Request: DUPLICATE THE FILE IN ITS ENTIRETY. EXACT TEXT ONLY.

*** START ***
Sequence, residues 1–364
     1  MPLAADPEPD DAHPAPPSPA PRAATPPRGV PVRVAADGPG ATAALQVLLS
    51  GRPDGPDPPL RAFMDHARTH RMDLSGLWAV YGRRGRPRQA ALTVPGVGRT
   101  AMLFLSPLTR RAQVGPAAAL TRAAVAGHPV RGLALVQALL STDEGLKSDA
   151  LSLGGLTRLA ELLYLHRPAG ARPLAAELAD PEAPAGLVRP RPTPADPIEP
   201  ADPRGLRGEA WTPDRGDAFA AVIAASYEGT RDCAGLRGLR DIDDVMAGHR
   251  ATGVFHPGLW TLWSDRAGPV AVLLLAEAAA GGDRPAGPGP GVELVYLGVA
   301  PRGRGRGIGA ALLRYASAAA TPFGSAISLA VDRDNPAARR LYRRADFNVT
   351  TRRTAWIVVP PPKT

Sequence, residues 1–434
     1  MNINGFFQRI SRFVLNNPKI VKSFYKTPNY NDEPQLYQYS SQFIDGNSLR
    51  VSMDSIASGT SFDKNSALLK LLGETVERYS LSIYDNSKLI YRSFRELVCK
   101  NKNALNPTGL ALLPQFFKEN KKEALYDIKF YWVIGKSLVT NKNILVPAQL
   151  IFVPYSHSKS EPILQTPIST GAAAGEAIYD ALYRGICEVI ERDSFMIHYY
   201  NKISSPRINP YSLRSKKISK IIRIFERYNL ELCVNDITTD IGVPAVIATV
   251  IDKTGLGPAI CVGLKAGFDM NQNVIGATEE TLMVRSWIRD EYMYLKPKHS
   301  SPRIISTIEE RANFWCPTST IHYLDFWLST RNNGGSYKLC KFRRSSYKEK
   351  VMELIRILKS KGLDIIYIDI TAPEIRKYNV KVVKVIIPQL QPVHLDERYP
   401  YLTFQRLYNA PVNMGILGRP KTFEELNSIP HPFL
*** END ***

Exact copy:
Sequence, residues 1–364
     1  MPLAADPEPD DAHPAPPSPA PRAATPPRGV PVRVAADGPG ATAALQVLLS
    51  GRPDGPDPPL RAFMDHARTH RMDLSGLWAV YGRRGRPRQA ALTVPGVGRT
   101  AMLFLSPLTR RAQVGPAAAL TRAAVAGHPV RGLALVQALL STDEGLKSDA
   151  LSLGGLTRLA ELLYLHRPAG ARPLAAELAD PEAPAGLVRP RPTPADPIEP
   201  ADPRGLRGEA WTPDRGDAFA AVIAASYEGT RDCAGLRGLR DIDDVMAGHR
   251  ATGVFHPGLW TLWSDRAGPV AVLLLAEAAA GGDRPAGPGP GVELVYLGVA
   301  PRGRGRGIGA ALLRYASAAA TPFGSAISLA VDRDNPAARR LYRRADFNVT
   351  TRRTAWIVVP PPKT

Sequence, residues 1–434
     1  MNINGFFQRI SRFVLNNPKI VKSFYKTPNY NDEPQLYQYS SQFIDGNSLR
    51  VSMDSIASGT SFDKNSALLK LLGETVERYS LSIYDNSKLI YRSFRELVCK
   101  NKNALNPTGL ALLPQFFKEN KKEALYDIKF YWVIGKSLVT NKNILVPAQL
   151  IFVPYSHSKS EPILQTPIST GAAAGEAIYD ALYRGICEVI ERDSFMIHYY
   201  NKISSPRINP YSLRSKKISK IIRIFERYNL ELCVNDITTD IGVPAVIATV
   251  IDKTGLGPAI CVGLKAGFDM NQNVIGATEE TLMVRSWIRD EYMYLKPKHS
   301  SPRIISTIEE RANFWCPTST IHYLDFWLST RNNGGSYKLC KFRRSSYKEK
   351  VMELIRILKS KGLDIIYIDI TAPEIRKYNV KVVKVIIPQL QPVHLDERYP
   401  YLTFQRLYNA PVNMGILGRP KTFEELNSIP HPFL